Biography of Famous Popular Singers Frank Sinatra Part 2

About the famous popular singer Frank Sinatra, history and biography of ol' Blue Eyes.

Frank Sinatra (1915- ).

It took 5 years for Sinatra and the aforementioned George Evans to find each other. Evans hired bobby-soxers, as teen-agers were then called, at $5 per girl to fill the Paramount Theater, to faint, swoon, scream, cause a mob scene, and make page one of every newspaper in New York. Not so incidentally, Sinatra's income rose from $15 to $25,000 a week. His star ascendency rose, too: In 1943 he made his movie debut in Higher and higher. In 1945, he received a special Oscar for his performance in The House I Live In, a short subject devoted to the theme of tolerance. In 1953 he won an Oscar for his supporting role of Maggio in From Here to Eternity. In the decade after Higher and Higher, his personal life went lower and lower. During his marriage to Nancy there were 3 children: Nancy Jr., Frank Jr., and Christina. The marriage broke up. In 1951, he married screen-star glamor-girl Ava Gardner. They divorced in 1957. He was subsequently to marry actress Mia Farrow in 1966, and divorce her in 1968.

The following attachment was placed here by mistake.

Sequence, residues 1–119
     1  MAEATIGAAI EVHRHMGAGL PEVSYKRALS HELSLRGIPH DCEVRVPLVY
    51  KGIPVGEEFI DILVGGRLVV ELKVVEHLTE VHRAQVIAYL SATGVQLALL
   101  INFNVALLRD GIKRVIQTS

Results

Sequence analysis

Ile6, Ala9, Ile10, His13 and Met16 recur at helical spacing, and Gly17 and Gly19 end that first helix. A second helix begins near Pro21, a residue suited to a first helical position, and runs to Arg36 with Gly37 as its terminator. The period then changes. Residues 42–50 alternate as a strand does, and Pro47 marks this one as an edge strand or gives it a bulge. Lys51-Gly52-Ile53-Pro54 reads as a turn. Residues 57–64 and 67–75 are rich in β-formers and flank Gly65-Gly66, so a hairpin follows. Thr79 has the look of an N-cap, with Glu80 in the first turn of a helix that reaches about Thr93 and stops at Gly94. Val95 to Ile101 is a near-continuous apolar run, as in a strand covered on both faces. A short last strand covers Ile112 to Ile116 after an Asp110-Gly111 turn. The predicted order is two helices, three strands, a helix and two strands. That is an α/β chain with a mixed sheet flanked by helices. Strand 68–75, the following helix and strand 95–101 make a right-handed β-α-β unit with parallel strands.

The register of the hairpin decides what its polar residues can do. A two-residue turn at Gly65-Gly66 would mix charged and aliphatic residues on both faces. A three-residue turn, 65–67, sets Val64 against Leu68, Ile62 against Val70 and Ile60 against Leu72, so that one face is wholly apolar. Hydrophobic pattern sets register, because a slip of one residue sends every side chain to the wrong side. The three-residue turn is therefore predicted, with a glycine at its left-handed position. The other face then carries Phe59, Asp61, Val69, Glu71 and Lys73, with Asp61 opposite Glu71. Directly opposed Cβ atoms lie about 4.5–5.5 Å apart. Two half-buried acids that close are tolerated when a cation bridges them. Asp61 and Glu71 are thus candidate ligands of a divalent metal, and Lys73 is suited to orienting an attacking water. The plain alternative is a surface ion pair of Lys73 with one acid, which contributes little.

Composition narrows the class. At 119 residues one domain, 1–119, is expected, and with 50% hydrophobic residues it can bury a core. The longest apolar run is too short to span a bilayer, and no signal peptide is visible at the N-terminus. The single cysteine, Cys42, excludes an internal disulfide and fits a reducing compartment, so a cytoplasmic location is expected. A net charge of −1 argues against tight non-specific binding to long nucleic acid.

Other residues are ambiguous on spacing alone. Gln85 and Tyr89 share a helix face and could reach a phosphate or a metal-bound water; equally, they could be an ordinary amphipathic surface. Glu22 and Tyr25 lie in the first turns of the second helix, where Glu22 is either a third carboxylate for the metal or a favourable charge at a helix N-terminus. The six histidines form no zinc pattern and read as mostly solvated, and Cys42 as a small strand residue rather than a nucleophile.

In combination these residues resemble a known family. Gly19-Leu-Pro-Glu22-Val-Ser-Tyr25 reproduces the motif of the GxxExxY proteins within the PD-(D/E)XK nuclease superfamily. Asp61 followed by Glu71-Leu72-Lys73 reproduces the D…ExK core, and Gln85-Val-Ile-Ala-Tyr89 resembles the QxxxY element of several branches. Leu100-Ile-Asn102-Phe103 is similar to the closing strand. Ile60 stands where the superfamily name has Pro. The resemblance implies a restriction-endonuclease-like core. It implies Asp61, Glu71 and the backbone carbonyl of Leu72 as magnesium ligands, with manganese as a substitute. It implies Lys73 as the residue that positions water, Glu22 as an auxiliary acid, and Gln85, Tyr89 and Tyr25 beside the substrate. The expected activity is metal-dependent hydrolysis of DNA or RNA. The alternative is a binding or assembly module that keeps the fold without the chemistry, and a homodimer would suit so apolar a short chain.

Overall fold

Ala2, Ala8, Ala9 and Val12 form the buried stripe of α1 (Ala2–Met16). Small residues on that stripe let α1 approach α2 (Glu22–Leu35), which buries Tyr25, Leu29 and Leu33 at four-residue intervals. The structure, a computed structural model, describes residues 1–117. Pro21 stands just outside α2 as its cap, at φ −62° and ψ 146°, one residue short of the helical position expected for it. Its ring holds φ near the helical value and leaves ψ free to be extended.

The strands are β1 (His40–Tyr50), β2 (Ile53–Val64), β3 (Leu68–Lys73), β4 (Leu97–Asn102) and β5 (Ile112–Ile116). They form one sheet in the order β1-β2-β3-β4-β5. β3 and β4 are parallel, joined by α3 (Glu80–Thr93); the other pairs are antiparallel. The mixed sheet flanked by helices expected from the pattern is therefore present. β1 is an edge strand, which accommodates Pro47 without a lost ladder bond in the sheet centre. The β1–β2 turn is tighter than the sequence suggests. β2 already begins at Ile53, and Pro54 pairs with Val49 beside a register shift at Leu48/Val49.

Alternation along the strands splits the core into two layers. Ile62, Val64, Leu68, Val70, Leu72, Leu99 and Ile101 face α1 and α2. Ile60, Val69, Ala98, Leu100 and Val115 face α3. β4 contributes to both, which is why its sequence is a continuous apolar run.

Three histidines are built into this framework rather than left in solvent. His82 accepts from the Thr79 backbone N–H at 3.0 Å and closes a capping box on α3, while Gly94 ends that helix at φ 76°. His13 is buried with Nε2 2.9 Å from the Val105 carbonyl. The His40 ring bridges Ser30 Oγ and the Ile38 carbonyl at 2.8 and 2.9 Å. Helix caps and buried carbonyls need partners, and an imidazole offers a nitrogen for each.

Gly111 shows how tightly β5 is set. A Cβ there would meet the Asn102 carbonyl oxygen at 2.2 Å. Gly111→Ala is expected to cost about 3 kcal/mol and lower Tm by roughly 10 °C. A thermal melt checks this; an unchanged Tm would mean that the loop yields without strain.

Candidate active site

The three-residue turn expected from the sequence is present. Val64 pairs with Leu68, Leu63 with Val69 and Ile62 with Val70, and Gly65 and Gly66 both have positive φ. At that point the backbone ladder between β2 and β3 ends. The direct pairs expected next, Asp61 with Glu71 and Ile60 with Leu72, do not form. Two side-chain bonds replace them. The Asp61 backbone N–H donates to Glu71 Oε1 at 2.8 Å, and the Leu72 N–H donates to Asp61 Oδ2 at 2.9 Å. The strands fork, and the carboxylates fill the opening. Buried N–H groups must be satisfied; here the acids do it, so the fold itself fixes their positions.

He had frequent overpublicized altercations with newspapermen and photographers. He starred in some memorable films, however, among them Anchors Aweigh, Till the Clouds Roll By, It Happened in Brooklyn, The Miracle of the Bells, and On the Town.

But he literally begged the producer and head of Columbia Pictures, Harry Cohn, for the Maggio part in Eternity, offering to work for almost nothing. He got the role. After Eternity, he was able to diversify: He did heavy drama in The Man with the Golden Arm and The Detective; musical comedy in Guys and Dolls; and comedy-drama in Von Ryan's Express.

In 1965, his television special Frank Sinatra: A Man and His Music won a Peabody Award and several Emmys. In 1971, he announced his retirement in a tear-choked concert at the Los Angeles Music Center.

That retirement lasted all of 2 years. He is back at work recording, doing TV specials, and appearing at benefits.

As for his private life, even fearless news-writers hesitate to challenge the legend. He is volatile: Witness his outbursts to a news-woman in Washington, D.C., and his headlines in Australia during a 1974 tour. He is kind: Innumerable unknowns in dire need have received financial help from Sinatra. He would be the 1st to deny it. He is a political activist. He is fiercely loyal. He is a sex symbol. There are few women who would refuse a date with him. Apocryphally, he zoomed Wheaties stock sky-high years ago, when he jokingly credited the cereal for his prowess.

He is a perfectionist as an entertainer. One of a kind. Although there are times when if one closes one's eyes and listens to Frank, Jr., just possibly . . .

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